|By Vivian Fernandes [ Published Date: April 15, 2014 ]|
By Vivian Fernandes
If one goes by opinion polls, BJP’s candidate Narendra Modi is set to move into South Block, which is the office of India ‘s Prime Minister. After three rounds of polling, NDTV news channel has given the BJP-led National Democratic Alliance a clear majority of 275, three more than the half-way mark. Presuming that Modi indeed gets the top job, what kind of a Prime Minister will he make?
In my book, Modi: Leadership, Governance and Performance, I have offered some insights. I have said that Modi is perhaps the only ruling leader with a philosophy of governance. In a 2008 interview he told me that ‘development to be a movement. ‘ He went on to elaborate that ‘unless and until you gets people’s participation you cannot give a result.’ Speaking at a function in 2013 organized by ThinkIndia Foundation, with which I am associated, Modi said the feeling of ‘mujhe kya, mera kya,’ (meaning, why should I bother) should give way to a sense of ownership, which comes from belonging.
Modi is a compulsive campaigner. Being a rather lonely person, he likes to be among people. He derives legitimacy and authority from them, like former Prime Minister Indira Gandhi. He also runs his administration in campaign mode. There are drives every year for Nirmal (sanitary) Gujarat, Nirogi Balak (disease-free child), Kanya Kelawani (girl’s education), Shala Praveshotsav (school enrolment), Krishi Mahotsav ( agricultural outreach) and Gunotsav (school quality improvement drive). This is Modi’s way of keeping his administration grounded. The interesting part is that these drives are not confined to particular departments. They are administration-wide campaigns, in which all officers have to participate. This is necessary to make government cohesive and break down silo thinking or narrow departmentalism.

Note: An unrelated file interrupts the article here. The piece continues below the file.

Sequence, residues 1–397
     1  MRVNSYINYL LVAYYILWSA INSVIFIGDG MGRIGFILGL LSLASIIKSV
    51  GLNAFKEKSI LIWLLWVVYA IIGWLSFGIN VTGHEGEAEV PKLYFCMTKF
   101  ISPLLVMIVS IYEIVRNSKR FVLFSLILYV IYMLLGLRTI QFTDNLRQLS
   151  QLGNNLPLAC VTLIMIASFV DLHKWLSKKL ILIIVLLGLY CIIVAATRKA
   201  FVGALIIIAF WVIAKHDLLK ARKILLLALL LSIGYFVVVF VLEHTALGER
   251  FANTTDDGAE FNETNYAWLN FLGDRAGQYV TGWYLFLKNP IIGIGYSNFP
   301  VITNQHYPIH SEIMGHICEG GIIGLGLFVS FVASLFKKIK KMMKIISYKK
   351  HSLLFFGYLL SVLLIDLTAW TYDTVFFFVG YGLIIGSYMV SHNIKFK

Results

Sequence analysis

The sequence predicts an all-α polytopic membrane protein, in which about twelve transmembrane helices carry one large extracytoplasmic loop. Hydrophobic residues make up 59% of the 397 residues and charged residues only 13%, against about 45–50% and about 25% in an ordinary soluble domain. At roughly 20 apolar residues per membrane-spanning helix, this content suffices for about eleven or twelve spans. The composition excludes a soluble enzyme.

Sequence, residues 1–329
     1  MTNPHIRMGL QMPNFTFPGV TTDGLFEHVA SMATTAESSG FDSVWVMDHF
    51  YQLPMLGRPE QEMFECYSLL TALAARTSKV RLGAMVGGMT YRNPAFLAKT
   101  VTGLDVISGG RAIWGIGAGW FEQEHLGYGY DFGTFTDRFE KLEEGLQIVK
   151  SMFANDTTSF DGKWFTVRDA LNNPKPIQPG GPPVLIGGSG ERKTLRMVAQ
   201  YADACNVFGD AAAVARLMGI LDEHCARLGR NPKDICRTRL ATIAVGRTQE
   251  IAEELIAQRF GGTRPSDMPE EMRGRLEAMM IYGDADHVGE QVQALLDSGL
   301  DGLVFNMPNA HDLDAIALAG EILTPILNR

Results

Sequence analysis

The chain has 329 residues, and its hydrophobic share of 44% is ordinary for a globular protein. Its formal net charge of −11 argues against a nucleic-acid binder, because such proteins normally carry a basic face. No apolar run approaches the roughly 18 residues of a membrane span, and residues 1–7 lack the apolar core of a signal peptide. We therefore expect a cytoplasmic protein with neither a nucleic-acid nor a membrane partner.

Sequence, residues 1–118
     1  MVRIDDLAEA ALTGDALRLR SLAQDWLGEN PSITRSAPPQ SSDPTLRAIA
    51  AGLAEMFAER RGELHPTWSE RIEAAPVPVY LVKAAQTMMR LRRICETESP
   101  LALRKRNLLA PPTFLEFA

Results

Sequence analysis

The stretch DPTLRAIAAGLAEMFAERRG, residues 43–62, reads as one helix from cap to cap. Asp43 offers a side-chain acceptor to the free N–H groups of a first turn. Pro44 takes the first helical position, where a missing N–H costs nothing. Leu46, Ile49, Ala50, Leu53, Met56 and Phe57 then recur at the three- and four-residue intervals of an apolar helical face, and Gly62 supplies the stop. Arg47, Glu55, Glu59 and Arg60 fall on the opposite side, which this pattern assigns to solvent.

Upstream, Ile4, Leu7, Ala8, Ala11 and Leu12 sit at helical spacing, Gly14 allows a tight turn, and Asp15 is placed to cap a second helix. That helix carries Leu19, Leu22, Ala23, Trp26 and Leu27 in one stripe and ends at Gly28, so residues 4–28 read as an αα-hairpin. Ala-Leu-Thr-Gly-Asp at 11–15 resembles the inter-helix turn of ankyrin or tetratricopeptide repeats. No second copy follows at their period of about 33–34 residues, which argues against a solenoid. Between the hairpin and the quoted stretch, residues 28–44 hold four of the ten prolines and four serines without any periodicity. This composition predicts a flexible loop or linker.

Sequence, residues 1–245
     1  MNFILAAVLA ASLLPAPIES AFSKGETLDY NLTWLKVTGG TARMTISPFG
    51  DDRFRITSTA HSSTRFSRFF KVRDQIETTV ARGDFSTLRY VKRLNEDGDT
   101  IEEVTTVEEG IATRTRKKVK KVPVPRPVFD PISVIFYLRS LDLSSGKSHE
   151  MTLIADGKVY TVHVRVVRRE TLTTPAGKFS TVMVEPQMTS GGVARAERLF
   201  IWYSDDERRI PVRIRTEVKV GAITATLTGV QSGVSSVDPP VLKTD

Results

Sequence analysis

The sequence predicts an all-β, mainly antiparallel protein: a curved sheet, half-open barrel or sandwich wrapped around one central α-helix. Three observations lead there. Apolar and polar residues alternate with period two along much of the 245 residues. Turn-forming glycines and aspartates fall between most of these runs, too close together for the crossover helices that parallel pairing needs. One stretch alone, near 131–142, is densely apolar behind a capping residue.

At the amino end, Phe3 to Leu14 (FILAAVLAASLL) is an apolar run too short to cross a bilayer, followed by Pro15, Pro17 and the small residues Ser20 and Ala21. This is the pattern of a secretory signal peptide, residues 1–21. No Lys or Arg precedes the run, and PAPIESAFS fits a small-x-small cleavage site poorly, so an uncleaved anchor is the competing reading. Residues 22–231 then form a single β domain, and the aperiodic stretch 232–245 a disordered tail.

Similarly, every year all IAS officials, about 250 of them, meet for a two-day conclave called Chintan Shibir. Retreats or off-sites are a tool used very often by corporates to create bonding among staff. In government this is rarely done. In the Chintan Shibirs there is no protocol. Anyone can sit anywhere. Lunch or tea queues cannot be broken. The idea is to break hierarchy, so that people create informal networks which they can use to improve the efficiency of administration. The Shibirs are structured and about six themes are discussed. Best practices from other states are also presented. Another innovation is Swantha Sukhay. All officials down to the taluka level are encouraged to take up one cause dear to their heart and to the public benefit, with the discretion they have in use of funds, for their own satisfaction. For the Chief Minister, the ambition of a Swantha Sukhay programme is a measure of that official’s motivation. Several initiatives like Jan Seva Kendras or citizen service centres (which began in Baroda as one-day governance, drawing inspiration from cricketer Irfan Pathan’s stellar performance in a one-day cricket match series in Pakistan), the kitchen gardens attached to Baroda anganwadis to provide green leafy veggies to anaemic new mothers and under-six children, or the conversion of Ahmedabad’s polluting autorickshaws to compressed gas, began as Swantha Sukhay programmes.